Vascular Plants of North Carolina
Account for Canada Lily - Lilium canadense   L.
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Section 5 » Order Liliales » Family Liliaceae
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DistributionScattered over most of the mountains, and disjunct to a few sites in the central Piedmont.

This is a northern species that ranges across southeastern Canada and south through NJ, PA, and OH. South of those states it is found mostly in the Appalachian Mountains, south into central NC, northwestern SC, and northern GA and AL.
AbundanceDespite it having been recorded from at least 15 NC counties, this is now a very rare species in the mountains, and extremely rare in the Piedmont. Though the NC NHP lists 14 records, only about half of these are still extant, and hardly any are of good quality. Technically, there is a State Endangered status on the two subspecies -- Lilium canadense ssp. editorum and ssp. canadense, but Weakley (2018) considers these as not valid. Even with or without this consideration, it is obvious that the full species is to be considered as State Endangered.
HabitatThis is a lily of damp to wet soil, usually in open to partly open situations. In NC, most are found in bogs or wet meadows. A few records are from open woods or balds, but typically in a semi-wooded setting the plants are in damp ground, such as seepage.
PhenologyBlooms in June and July, and fruits from late July into September.
IdentificationSpecies in the genus Lilium are among our most beautiful wildflowers. This is one of the rarest of the group in the state, certainly having declined from 50 years ago due to habitat loss and perhaps other factors. It grows about 3-4 feet tall, with several large flowers (often 3-5) on long stalks from the upper part of the stem. There are 6-10 whorls of leaves along the stem, with 4-12 long and narrow leaves in each whorl. The leaves grow to 4-5 inches long and are widest at or below the middle. The flowers can be deep orange to nearly red, but a second color form has the flowers more yellow than orange. The flowers are 2-3 inches long and hang downward on the long stalks; the 6 tepals (petals and sepals) are notably recurved toward the tip, to give the dangling flowers a "flaring bell" shape. Normally, the widely flaring flowers should be enough for identification, but the globally rare Gray's Lily (L. grayi) can look somewhat like L. canadense. However, L. grayi normally has tepals that are not strongly recurved and thus the floral opening is narrower and the flowers have almost "straight" sides. That species grows at high elevations, on grass balds, seepages, and at a variety of other cool sites, shaded or in the open; it does, however, grow in mountains valleys as well (and thus habitat cannot rule that species out from consideration). Its flowers normally are a deeper red than the orange-red flowers of L. canadense; however, there is some evidence of intergradation between the two, at least in southwestern VA (Weakley 2018). It is highly unlikely you will find a population of L. canadense on your own in the state, and sadly it is on its way out in NC.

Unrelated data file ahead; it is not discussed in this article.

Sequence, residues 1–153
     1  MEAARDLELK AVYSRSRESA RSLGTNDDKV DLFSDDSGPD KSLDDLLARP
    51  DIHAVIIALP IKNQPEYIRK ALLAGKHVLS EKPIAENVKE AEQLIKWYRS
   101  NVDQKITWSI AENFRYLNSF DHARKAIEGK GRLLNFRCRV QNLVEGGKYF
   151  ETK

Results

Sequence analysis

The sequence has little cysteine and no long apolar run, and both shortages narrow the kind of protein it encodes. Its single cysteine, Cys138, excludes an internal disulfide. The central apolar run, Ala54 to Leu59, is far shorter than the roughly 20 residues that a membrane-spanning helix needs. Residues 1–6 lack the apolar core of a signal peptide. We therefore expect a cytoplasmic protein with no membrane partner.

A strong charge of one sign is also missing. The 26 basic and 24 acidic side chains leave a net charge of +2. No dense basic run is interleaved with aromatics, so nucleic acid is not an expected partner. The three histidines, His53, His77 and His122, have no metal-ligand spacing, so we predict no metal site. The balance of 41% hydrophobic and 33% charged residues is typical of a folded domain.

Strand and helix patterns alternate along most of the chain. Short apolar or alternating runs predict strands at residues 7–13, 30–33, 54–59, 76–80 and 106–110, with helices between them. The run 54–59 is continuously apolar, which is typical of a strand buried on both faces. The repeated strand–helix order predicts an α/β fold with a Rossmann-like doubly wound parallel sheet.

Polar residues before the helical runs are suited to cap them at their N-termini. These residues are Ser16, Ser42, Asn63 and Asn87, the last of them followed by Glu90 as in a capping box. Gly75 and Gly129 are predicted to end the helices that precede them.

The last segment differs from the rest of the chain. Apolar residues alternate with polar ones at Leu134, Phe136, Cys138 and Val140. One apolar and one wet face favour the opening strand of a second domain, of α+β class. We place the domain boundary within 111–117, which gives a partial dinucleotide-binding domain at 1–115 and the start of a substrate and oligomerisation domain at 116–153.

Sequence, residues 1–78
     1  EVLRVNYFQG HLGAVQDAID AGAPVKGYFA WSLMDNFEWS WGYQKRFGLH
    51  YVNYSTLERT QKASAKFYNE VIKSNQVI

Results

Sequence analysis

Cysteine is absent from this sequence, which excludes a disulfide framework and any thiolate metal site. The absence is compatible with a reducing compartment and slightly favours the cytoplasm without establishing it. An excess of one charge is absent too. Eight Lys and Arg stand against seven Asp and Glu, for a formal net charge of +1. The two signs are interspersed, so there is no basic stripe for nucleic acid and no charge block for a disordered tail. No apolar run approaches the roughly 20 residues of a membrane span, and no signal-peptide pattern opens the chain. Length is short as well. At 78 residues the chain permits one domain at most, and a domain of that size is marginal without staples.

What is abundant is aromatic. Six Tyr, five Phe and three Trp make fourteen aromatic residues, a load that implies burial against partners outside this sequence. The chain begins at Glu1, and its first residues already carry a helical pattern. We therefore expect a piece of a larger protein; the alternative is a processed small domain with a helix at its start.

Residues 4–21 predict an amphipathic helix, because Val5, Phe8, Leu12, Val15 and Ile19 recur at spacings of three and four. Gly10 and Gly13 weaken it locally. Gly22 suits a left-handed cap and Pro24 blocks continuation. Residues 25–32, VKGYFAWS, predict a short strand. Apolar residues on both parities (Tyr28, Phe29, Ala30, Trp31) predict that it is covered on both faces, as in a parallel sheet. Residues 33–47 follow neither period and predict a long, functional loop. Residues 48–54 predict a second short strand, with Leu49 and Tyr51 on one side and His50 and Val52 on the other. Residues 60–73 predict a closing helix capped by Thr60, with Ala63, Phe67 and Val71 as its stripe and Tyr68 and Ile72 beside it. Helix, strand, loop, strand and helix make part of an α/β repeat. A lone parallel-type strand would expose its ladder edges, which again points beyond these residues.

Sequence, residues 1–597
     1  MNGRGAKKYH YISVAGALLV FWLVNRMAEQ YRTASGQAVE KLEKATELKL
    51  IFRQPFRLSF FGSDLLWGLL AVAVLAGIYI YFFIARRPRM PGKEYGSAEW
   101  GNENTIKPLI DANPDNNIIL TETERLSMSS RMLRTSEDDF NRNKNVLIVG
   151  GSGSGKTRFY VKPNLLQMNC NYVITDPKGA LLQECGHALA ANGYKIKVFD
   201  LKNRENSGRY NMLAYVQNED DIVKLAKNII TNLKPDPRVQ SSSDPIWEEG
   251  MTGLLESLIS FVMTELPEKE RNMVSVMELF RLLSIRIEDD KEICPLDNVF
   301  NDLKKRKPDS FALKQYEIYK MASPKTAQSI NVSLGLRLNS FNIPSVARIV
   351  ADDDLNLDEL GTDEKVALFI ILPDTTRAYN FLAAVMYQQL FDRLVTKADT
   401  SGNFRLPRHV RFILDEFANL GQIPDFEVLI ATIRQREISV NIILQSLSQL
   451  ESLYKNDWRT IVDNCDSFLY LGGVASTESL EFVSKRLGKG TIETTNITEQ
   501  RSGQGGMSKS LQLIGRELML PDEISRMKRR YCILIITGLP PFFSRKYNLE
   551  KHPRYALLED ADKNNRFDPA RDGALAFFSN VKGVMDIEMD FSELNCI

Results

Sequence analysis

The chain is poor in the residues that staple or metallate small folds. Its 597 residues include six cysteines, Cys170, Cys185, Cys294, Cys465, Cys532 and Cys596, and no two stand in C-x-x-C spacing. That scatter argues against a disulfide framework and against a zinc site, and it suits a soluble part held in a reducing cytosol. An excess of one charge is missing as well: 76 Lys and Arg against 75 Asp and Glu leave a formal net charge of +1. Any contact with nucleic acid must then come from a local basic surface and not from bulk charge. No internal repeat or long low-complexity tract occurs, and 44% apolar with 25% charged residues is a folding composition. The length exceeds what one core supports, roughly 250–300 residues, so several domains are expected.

Taxonomic CommentsMany or most references do list subspecies or varieties of the species, however there seems to be a more recent trend that those taxa are not valid. NatureServe listed them as subspecies a few years ago, but now it lists only the full species with no taxa within it.

Other Common Name(s)Wild Yellow-lily, Meadow Lily
State RankS1
Global RankG5
State Status[E]
US Status
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